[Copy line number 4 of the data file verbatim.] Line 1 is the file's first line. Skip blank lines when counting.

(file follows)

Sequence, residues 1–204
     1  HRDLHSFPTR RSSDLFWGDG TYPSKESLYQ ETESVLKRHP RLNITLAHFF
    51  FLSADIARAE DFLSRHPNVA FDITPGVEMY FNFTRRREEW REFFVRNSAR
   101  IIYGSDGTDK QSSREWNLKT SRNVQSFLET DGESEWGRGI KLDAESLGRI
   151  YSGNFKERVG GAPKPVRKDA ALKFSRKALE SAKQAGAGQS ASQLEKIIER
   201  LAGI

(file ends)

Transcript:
   101  IIYGSDGTDK QSSREWNLKT SRNVQSFLET DGESEWGRGI KLDAESLGRI